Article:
Published on The Water Blog

Join the World Bank and Toilet Board Coalition in scaling up the Sanitation Economy

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sanitation economy sanitation economy

It’s time for a radical shift

Leaving no one behind and providing adequate and equitable sanitation to all by 2030 is our collective goal. However, the scale of the challenge reminds us that we have a long way to go. An estimated 2.3 billion people around the world still lack access to this most basic of amenities – an adequate toilet – and 4.5 billion people still lack access to safely managed sanitation along the entire service chain. Moreover, the world is increasingly urbanizing, aggravating sanitation problems as it does so. We are consequently not on track to meet the Sustainable Development Goal (SDG) sanitation target of providing safely managed sanitation services to all by 2030, despite the substantial efforts being made by governments, development organizations, civil society and the private sector. Solving the world’s sanitation challenges is not only an environmental imperative but also a necessity for protecting public health. The majority of the global population is without safe containment, emptying/collection, conveyance, treatment and end use/disposal for their fecal waste. Put simply, over half the human waste generated on earth is not being safely managed before being released into the environment. This is a deeply troubling situation and our experience has shown that ‘business as usual’ will not resolve it.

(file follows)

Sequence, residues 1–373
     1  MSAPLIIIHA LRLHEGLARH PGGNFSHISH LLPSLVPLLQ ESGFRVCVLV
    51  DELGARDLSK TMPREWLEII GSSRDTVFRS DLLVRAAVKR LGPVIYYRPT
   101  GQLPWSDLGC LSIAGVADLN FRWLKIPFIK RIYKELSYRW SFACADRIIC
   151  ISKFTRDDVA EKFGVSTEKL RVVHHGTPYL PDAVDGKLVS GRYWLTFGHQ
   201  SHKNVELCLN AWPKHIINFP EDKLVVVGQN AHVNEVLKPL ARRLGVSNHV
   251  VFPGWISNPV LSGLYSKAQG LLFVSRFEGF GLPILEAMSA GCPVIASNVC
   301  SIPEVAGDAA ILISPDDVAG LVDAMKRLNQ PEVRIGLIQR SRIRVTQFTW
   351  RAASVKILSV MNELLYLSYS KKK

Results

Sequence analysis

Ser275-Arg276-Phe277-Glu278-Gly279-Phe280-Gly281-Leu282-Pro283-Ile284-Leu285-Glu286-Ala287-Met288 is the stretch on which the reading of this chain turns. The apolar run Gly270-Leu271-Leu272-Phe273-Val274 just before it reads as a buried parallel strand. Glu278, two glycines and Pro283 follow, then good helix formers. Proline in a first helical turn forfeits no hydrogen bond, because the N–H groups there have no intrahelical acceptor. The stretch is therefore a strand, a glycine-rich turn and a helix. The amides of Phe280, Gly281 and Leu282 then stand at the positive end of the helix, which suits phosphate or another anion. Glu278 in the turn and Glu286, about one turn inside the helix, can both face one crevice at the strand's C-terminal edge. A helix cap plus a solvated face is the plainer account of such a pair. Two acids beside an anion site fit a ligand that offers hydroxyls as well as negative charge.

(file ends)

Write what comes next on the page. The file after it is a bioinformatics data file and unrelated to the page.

We need a radical shift in the way we tackle urban sanitation challenges in this rapidly urbanizing world. With its impact on so many aspects of human and economic development, sanitation will be one of the key drivers to ending extreme poverty. We need to prioritize the establishment of appropriate policies, institutions and regulations which can establish the right incentives to significantly expand access to sanitation services.

Can we turn the sanitation problem into an opportunity?

We see the ‘Sanitation Economy’ as a robust marketplace of products and services, renewable resource flows, data and information that could help transform future cities, communities and businesses. We believe that such a Sanitation Economy can be smart, sustainable, innovative, cost saving and revenue generating. In India alone, the Sanitation Economy is today estimated to be a US$ 32 billion a year market growing to a US$ 62 billion market annually by 2021, which can create many new jobs (even in the most rural areas of the country), improve health and environmental conditions, and create savings for households (Toilet Board Coalition, 2017). This approach also provides us with opportunities to tackle related sectoral challenges – such as increasingly global water scarcity, food security and energy production.

In India, the achievements of the Swachh Bharat Mission (SBM) provide impressive and inspiring evidence of how transformation can happen with speed and impact, improving the lives of millions of people. The Government of India adopted disruptive approaches to scale up sanitation activities, namely by engaging young people, media outlets and key influencers, by embracing new ideas to make sanitation everyone’s business, and by setting a five year ‘sunset clause’ deadline in which to achieve the desired scale up.

Sanitation Economy

From unaffordable public sanitation costs to sustainable and resilient sanitation systems

To the Toilet Board Coalition, a private sector platform focused on business solutions for sanitation, the Sanitation Economy constitutes an opportunity for transformation of the economics of sanitation, in partnership with the private sector, from unaffordable public costs to sustainable and resilient systems. We believe that this is an approach which could be embraced by many governments around the world through their own sanitation priorities and initiatives, by setting bold goals for the coming five years.